Most leaders if they were asked if they have ever struggled with confidence and self-doubt, and they were honest with themselves, would say yes!
Lack of confidence as a leader comes from many places including how we feel about ourselves and how we believe others feel about us.
Confidence allows leaders to stand up for what they believe in, have the courage to take risks with the possibility of embarrassment and and face the unknown with little fear.
But confidence doesn’t magically appear because you desire it. For many leaders it requires a great deal of self talk, reflective thinking and perspective. Like most self improvement it requires work.
Here are three ways leaders can build and improve confidence in their leadership.
1. Stay focused on your vision, not yourself. Stephen Covey once said, “seek to bless, not impress.” When you focus on yourself, you look for all of the wrong signs that you are succeeding and begin to stray from what matters most and what you should value most.
I have found myself from time to time in this trap as a leader. For example, while I had focused on improving performance, I had been more concerned with not upsetting those I lead, or doing my best to please everyone. Both of these approaches took me away from being a leader and instead trying to be a friend. Doing what is best for others and the organization, isn’t always popular with those you lead.
When you’re not focused on your vision, and instead focused on what others think, you begin to look more for approval than results. You won’t please everyone, so don’t try. Stay true to where you want to go and stick with it. Allow your vision to be your north star in the decisions you make and your confidence will grow.
2. Focus on you. Kind of a contradiction of my first tip, right? Not really. What I am talking about here is improving yourself.
Learn as much as you can about the business you are in, ask lots of questions of other leaders about their challenges, read, read, read, and share what you are learning with others (we remember more of what we teach).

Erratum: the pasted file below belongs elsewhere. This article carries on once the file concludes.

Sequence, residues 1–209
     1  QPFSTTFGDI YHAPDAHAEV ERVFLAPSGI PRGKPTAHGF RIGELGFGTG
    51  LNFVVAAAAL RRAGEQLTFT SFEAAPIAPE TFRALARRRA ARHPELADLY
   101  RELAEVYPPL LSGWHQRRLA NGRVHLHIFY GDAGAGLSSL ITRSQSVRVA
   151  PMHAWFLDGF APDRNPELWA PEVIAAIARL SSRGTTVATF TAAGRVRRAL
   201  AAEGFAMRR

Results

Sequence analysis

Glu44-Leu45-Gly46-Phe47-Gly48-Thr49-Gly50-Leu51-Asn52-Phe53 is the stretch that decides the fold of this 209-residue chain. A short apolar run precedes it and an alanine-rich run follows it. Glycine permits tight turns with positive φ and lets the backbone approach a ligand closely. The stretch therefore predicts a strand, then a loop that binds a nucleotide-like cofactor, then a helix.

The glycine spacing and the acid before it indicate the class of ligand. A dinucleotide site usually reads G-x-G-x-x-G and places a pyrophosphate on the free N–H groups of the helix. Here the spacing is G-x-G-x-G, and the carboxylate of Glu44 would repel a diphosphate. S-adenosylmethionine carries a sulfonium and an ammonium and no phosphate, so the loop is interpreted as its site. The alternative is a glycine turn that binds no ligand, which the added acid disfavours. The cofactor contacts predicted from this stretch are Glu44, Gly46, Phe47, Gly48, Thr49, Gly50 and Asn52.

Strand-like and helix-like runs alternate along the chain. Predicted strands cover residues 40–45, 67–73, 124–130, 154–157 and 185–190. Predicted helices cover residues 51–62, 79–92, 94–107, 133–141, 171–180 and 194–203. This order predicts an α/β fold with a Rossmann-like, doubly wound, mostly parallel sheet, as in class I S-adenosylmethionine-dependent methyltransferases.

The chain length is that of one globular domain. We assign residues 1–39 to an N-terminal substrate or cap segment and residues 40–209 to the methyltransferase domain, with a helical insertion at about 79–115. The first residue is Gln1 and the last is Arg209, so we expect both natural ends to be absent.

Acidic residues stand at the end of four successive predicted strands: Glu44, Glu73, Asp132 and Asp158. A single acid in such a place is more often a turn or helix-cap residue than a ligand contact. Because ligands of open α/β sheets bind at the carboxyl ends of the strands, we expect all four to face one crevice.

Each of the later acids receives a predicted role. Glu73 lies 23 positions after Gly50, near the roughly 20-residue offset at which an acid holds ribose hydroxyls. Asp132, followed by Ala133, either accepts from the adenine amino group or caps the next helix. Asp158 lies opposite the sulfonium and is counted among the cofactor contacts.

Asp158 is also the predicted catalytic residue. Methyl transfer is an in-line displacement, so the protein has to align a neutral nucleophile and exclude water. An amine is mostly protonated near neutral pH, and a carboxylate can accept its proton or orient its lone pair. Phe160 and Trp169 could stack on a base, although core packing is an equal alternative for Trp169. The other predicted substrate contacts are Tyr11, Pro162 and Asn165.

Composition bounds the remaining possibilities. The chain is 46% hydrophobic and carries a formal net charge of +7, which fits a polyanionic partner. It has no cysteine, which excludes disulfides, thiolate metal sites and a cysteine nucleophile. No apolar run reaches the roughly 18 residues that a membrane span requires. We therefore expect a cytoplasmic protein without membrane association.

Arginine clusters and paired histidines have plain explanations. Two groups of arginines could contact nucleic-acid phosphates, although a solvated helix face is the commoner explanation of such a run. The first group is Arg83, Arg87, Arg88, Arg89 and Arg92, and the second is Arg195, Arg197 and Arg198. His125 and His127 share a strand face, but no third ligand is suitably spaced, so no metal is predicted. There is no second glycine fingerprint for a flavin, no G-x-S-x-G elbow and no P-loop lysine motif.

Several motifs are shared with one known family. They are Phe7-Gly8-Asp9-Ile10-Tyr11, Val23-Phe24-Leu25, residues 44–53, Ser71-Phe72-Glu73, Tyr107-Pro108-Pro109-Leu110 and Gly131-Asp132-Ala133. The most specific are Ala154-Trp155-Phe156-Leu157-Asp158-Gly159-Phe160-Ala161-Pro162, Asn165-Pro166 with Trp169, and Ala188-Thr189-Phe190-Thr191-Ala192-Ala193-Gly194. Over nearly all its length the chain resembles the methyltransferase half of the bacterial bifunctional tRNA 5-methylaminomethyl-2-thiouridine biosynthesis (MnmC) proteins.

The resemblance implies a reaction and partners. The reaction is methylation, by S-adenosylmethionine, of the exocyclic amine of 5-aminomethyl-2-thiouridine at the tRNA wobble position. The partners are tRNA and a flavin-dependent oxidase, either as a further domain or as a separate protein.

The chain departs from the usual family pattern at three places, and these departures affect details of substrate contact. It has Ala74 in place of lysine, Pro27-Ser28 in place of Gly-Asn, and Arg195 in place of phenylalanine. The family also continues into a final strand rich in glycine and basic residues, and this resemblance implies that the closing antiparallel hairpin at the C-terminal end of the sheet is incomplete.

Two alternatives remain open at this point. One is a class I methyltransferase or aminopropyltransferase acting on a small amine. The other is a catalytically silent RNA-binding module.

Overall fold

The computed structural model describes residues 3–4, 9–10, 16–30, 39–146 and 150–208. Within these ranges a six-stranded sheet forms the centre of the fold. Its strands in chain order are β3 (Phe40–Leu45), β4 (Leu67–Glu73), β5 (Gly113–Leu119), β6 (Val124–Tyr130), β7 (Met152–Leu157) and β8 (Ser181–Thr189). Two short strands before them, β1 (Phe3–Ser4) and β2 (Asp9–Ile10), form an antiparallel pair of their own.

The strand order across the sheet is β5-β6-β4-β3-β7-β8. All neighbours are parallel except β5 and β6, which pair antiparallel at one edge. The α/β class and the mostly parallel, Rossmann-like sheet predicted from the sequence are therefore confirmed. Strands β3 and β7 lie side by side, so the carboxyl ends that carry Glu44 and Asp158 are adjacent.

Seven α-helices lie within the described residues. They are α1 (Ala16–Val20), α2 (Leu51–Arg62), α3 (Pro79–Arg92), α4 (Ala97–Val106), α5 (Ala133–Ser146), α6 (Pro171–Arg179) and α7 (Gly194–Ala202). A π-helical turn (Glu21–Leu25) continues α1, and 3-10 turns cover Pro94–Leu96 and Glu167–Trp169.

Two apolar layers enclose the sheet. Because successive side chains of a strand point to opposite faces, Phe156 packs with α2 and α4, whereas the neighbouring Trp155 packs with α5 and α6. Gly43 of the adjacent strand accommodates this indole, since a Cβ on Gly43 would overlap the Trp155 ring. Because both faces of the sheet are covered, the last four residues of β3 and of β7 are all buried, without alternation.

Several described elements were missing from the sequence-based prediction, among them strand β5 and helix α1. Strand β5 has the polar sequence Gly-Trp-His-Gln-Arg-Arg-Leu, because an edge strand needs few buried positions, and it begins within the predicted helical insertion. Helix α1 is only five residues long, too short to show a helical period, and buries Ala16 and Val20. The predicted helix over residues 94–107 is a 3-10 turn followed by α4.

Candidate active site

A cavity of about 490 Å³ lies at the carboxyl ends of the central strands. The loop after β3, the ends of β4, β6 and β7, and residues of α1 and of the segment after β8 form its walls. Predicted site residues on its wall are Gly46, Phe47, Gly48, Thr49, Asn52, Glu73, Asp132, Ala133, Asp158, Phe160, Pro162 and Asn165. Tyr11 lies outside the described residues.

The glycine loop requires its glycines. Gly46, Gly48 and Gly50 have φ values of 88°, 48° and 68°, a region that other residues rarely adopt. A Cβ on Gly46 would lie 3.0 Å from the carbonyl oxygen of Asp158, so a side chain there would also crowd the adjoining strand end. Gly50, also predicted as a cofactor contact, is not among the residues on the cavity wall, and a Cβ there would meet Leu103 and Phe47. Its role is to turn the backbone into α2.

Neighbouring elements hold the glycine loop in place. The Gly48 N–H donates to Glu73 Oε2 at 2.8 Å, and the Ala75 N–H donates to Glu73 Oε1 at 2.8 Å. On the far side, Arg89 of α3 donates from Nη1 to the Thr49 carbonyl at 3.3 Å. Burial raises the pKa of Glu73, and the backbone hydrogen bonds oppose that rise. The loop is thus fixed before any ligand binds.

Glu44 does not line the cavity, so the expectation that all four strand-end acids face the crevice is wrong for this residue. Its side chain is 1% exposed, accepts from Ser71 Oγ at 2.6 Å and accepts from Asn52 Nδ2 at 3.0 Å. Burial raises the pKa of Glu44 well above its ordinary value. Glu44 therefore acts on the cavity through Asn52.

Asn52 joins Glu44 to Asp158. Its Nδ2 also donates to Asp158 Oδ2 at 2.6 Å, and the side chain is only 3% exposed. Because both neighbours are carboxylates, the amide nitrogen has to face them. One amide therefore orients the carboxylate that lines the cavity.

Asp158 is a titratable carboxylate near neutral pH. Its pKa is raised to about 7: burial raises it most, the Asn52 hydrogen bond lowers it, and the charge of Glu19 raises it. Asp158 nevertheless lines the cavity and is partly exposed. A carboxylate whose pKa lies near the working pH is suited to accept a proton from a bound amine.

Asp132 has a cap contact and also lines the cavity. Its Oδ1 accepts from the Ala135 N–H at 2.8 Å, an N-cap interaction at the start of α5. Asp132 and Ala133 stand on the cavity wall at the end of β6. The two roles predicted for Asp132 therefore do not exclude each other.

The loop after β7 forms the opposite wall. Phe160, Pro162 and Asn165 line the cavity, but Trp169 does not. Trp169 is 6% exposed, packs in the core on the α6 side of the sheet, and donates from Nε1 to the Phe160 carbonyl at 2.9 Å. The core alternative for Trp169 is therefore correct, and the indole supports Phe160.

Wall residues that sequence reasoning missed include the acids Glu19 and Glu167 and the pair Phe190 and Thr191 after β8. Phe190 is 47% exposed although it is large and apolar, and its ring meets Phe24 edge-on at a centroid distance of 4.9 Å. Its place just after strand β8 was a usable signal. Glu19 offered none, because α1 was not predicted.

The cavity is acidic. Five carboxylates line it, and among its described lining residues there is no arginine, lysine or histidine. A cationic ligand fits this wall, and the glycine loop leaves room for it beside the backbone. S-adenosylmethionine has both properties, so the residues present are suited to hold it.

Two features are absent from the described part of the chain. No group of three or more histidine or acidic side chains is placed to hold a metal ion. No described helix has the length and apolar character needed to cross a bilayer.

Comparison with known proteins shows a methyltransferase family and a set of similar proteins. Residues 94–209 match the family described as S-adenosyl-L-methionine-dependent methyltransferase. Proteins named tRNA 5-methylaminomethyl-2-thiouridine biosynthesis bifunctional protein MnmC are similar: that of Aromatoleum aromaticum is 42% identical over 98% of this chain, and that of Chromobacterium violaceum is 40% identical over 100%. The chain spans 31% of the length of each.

Strengthening your knowledge always strengthens your confidence. For those of you who were not blessed with math smarts (like myself), think about this easy example. How much more confident would you be in teaching simple Addition as opposed to Algebra?
In addition, eat well, exercise and get lots of sleep. I have always found that when I am healthy and feel better, my confidence is strengthened significantly.
3. Embrace the positive. I have kept what I call my “positive file,” for a number of years. Whenever someone writes me a nice note, or I get some type of special recognition, I file it away in my positive file.
Whenever things get me down, or my confidence has been shaken for whatever reason, I have gone to this file as a source of strength. It works.
Focus on what you have achieved as a leader. Take the time to reflect on every good thing you have done, you might be surprised by how much you have really done. By nature many of us are too hard on ourselves. We only look at the negatives. But there are plenty of successes to celebrate and reflect on as well that will provide a needed boost to your confidence.
If you enjoyed this post and would like to share it with your team, colleagues or anyone else, please “Share” it, “Tweet” it, “LinkedIn” it, “Email” it, “Google Plus” it, or “Like” it, by using one of the buttons below. Thanks friends!